Stories From Main Street: WWII Veteran Shares Similar ‘Unbroken’ Experience At Ofuna Prison

December 03, 2018 - 2:47 pm

NEW YORK (WCBS 880) — A story of survival, resilience and forgiveness right here in the Bronx.

If you’ve seen the movie “Unbroken,” or this year’s sequel “Unbroken: Path to Redemption,” then you’re familiar with the brutal conditions in Japanese prisoner of war camps during World War II.

But one Bronx man is among the last surviving American prisoners from the camp featured in the film and still shares his story so that younger generations will understand the sacrifices made to keep the world free.

Nick Cristiano, 93, was not at Ofuna at the same time as Louis Zamperini, the Olympic distance runner and main character in “Unbroken,” but the two have much in common.

“They did anything to beat you up,” Cristiano said of his time in the camp.

Cristiano spent five and a half months at the Ofuna camp after parachuting from his burning B-29 Bomber. He was captured almost immediately and quickly learned to endure torture.

“Bamboo full of sand, that’s a stinger,” Cristiano told WCBS 880’s Sean Adams.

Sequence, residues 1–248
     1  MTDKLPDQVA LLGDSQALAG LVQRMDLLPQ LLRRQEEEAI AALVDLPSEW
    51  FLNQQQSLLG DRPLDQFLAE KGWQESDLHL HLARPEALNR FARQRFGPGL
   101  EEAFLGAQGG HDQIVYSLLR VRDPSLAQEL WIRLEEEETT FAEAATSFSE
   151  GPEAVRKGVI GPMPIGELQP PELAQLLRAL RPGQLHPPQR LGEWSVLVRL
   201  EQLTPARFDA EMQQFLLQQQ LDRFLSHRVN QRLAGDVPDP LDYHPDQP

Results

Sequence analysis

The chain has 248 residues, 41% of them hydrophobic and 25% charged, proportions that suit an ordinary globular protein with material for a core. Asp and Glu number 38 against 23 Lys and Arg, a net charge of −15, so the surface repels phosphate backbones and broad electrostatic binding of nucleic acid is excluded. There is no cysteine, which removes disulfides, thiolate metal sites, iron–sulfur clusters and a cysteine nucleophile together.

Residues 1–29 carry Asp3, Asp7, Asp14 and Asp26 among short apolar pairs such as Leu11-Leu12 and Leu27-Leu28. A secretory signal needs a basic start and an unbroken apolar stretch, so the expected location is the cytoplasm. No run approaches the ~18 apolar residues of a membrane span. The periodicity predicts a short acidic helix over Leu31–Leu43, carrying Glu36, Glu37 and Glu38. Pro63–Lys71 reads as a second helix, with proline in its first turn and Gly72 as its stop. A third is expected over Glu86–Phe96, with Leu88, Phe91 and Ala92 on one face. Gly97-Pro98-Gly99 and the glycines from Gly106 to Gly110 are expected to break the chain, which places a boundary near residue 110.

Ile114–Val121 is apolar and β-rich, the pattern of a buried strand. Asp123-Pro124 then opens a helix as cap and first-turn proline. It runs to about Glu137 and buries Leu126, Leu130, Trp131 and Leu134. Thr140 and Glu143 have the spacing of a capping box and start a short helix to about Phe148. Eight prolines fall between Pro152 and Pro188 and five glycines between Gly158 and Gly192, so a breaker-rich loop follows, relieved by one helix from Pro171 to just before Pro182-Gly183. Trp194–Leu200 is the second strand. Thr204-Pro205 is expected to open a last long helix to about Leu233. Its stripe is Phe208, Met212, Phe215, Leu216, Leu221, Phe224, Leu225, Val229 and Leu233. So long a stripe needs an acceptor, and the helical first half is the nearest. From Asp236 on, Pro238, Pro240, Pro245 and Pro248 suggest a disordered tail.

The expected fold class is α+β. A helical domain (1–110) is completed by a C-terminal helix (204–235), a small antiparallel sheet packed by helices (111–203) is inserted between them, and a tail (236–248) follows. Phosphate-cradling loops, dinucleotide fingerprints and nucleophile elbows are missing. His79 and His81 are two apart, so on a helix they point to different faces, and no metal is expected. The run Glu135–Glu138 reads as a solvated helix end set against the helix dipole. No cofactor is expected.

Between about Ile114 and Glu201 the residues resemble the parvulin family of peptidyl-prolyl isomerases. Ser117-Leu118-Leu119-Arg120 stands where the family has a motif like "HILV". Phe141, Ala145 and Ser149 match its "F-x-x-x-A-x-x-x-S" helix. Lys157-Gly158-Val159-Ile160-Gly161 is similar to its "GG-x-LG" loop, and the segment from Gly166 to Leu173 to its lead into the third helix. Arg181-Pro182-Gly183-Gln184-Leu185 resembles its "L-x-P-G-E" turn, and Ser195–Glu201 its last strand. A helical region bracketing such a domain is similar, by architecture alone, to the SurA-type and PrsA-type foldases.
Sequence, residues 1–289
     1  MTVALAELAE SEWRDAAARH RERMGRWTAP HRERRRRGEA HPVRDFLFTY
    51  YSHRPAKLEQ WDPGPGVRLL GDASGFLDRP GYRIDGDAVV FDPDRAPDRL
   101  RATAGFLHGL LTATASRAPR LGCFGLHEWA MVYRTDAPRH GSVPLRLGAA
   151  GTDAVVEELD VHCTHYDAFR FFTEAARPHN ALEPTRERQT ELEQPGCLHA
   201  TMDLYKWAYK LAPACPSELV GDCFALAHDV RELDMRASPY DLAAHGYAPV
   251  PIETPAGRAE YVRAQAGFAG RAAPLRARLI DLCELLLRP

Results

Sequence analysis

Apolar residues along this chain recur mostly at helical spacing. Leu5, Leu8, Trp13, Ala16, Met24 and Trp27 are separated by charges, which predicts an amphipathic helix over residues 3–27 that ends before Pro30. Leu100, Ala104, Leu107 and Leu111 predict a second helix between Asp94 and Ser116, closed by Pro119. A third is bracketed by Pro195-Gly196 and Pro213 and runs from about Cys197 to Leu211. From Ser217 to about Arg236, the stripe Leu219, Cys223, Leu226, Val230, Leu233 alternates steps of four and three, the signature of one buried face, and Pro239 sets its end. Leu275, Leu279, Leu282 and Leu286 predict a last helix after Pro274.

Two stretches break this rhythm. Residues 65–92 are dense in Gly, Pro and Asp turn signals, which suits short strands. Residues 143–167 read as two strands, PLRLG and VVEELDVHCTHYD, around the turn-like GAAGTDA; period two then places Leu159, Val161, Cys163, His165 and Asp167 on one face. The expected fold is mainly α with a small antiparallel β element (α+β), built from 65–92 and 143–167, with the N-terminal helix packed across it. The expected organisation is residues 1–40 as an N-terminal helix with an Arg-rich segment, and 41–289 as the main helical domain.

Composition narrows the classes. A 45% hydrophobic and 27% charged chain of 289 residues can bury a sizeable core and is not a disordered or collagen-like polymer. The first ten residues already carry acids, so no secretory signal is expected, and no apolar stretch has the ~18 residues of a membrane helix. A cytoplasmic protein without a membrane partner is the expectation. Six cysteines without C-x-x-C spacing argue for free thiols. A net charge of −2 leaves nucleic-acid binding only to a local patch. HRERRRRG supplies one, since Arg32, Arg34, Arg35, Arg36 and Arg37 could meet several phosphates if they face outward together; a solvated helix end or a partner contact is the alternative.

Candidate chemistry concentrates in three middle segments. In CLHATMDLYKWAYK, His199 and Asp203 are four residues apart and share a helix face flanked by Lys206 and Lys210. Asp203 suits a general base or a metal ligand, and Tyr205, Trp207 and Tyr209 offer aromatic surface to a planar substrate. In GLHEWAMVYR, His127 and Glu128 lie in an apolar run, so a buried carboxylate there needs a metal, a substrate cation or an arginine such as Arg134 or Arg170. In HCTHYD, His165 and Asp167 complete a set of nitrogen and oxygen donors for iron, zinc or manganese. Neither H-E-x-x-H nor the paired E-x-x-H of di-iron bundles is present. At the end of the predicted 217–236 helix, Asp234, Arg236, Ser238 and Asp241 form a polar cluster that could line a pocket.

He claims: “The more beatings you got, the more they respected you.”

Though, the conditions were harsh and prisoners were often starved. Despite befriending a guard, Cristiano dropped to just 92 pounds in those five months.

(Sean Adams/WCBS 880)

He says he was able to gain favor with the guards by convincing them he would take them to America to meet Hollywood movie stars when Japan won the war.  

“I had a good deal,” Cristiano notes. “I just felt bad for the guys that were in terrible shape.”

The 93-year-old veteran told WCBS 880 that he ate scraps to stay alive and adapted to the prison.

“A couple of guys died while I was there,” he recalled. “A couple of guys had bad legs, so I’d help them.”

He says he was grateful of the glimpses of home he got when Japanese guards would turn on the radio and play American music.

But one day, the music stopped and Cristiano said there were only serious voices speaking in Japanese. He says that’s when he knew that the war was over.

The Americans came and released the captured shortly after, but back home there was no information. No one knew if he was alive or dead.

Until one day, a friend spotted Cristiano on a newsreel. He was returning home.

(Sean Adams/WCBS 880)

His family, relieved and thankful, threw a huge feast full of “raviolis, and chicken, chicken cacciatore.”

Much like Zamperini, Cristiano then learned to forgive his captors and release his bitter feelings and resentment.

“It was war,” Cristiano said. “I was alive, that was the main thing. I just felt bad for the guys that went.”

“My brother and I, growing up with what he went through, we just appreciate every day,” said son Rich Cristiano. “He just embraces every day.”

Cristiano’s son says: “He's never held a grudge against the Japanese people.”